Cytotoxic T cell receptors, activation, proliferation, differentiation & action
Date Uploaded: 11/27/2019
Tags: homeworkclinic.com Homework Clinic HWC Cytotoxic T cell receptors MHC-I molecules thymus gland Cytotoxic T cell activation viruses antigen cytokines Cytotoxic T cell proliferation and differentiation Cytotoxic T cell action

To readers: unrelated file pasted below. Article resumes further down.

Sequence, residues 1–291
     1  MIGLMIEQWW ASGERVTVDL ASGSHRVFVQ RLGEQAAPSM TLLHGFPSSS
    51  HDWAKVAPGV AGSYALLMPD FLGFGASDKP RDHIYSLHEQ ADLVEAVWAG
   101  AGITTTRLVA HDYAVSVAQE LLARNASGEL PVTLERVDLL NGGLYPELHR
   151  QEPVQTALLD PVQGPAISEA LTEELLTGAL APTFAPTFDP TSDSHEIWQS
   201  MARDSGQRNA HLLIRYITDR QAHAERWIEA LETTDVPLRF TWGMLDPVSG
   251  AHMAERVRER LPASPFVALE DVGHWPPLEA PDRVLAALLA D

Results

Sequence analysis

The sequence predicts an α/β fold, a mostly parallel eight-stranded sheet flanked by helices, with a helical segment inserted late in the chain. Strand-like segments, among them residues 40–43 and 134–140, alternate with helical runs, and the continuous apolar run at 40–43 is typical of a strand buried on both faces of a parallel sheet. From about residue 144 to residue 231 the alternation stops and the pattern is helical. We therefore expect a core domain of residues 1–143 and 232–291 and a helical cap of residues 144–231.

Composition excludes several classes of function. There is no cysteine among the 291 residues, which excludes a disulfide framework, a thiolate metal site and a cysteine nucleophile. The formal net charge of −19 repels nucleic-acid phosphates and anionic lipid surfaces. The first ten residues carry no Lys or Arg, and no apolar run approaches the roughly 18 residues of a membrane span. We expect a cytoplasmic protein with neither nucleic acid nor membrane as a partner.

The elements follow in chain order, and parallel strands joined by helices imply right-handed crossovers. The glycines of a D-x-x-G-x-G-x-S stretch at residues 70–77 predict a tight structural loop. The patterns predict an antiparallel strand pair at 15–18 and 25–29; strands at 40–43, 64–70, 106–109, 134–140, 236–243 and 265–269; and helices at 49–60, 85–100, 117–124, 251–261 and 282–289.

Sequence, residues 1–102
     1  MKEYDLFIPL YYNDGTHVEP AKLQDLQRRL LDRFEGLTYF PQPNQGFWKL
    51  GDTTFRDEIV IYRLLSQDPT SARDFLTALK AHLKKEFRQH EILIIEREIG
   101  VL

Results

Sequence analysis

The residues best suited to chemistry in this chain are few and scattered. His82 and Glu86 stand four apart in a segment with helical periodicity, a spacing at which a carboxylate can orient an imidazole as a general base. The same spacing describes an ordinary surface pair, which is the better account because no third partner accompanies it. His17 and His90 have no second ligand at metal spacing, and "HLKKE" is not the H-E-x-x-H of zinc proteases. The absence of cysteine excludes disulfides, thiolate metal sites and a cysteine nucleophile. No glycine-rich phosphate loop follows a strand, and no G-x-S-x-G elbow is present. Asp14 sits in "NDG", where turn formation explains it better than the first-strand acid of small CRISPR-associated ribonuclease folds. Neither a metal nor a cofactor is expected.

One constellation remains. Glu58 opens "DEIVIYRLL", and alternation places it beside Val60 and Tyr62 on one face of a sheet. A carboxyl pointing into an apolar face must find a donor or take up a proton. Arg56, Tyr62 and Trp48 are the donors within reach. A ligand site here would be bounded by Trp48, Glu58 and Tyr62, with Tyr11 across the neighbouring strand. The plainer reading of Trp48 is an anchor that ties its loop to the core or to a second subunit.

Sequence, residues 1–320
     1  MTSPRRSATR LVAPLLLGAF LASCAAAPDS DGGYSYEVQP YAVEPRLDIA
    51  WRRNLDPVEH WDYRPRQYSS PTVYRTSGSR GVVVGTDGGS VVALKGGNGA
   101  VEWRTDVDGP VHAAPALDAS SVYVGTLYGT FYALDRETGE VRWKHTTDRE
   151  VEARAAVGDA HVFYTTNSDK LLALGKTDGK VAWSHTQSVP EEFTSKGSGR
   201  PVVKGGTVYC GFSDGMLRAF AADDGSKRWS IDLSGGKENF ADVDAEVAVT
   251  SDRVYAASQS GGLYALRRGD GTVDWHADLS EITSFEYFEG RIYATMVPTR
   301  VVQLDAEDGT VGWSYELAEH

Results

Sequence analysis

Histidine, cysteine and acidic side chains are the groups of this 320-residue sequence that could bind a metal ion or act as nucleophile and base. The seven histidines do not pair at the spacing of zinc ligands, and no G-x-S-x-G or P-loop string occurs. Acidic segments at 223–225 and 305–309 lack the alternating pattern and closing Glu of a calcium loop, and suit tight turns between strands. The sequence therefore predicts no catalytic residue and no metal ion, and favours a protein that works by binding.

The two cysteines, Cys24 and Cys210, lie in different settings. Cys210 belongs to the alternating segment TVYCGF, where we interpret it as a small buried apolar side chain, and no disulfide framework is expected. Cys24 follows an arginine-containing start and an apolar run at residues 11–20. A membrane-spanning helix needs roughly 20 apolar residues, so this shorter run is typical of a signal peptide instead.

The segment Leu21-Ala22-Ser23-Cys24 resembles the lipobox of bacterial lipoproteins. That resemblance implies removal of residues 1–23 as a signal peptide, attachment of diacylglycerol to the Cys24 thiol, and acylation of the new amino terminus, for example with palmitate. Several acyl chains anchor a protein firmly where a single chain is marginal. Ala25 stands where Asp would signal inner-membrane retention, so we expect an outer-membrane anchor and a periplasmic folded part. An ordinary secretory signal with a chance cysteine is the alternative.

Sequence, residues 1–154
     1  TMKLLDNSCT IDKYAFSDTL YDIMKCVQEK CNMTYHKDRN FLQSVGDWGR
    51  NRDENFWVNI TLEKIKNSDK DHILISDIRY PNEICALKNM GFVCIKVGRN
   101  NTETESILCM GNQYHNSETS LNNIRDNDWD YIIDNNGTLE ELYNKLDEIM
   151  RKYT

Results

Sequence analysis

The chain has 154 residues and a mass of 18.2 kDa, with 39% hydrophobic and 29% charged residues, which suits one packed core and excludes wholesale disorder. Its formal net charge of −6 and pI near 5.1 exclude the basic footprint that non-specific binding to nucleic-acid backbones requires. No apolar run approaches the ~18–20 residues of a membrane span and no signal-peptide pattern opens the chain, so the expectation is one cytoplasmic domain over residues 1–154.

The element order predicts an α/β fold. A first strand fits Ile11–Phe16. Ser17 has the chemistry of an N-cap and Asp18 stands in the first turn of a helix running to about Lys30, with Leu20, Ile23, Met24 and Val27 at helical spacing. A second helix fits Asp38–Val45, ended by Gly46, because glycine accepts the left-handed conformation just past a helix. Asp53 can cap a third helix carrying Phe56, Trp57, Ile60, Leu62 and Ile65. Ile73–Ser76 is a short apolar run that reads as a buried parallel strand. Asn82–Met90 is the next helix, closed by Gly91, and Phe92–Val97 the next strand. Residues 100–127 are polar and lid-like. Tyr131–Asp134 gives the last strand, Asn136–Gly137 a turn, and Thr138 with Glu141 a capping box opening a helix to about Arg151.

• Most cells which have CD8 on their surface become cytotoxic T cells (Tc cells). • CD8 T cells recognize a foreign antigen when it is presented in conjunction with the protein, MHC-I. • Nearly all nucleated cells in the body express MHC-I molecules. • T cells that recognize self-peptides expressed by MHC-I on the surface of healthy cells don't survive in the thymus gland. • The surviving T cells can therefore recognize: • Certain tumor cells expressing abnormal proteins that are seen as foreign. • Transplanted cells that express foreign MHC-I with their specific proteins. • Body cells infected by viruses which have viral antigen on their surface. • Binding to antigen presented to it by a foreign, tumor or viral infected cell is not enough for activation. • Costimulation needed for activation of a cytotoxic T cell is provided by the close association of molecules on the two cell membranes and cytokines released by a Th cell. • Once the Tc cell is activated, it will proliferate into a clone of identical Tc cells, each expressing the Tc cell receptor of the original cell. • Most of the offspring cells will differentiate into effector Tc cells. • The receptors on these cells will bind to the same antigen as the receptor on the original Tc cell. • Some Tc clones will not become effector cells but will differentiate into memory cells. • Memory Tc cells will respond rapidly to future exposure to the same antigen. • Tc cells can therefore eliminate cells which are infected or have become cancerous. They can also act against foreign cells. • Tc cells kill target cells using two major mechanisms: • Perforin induced cytolysis • Tc cells release perforin which creates holes in target cell membranes, causing a target cell to burst. • Lymphotoxin induced cell death - Tc cells can also secrete lymphotoxin which starts a cascade of events in the target cell, leading to degradation of its DNA and cell death.
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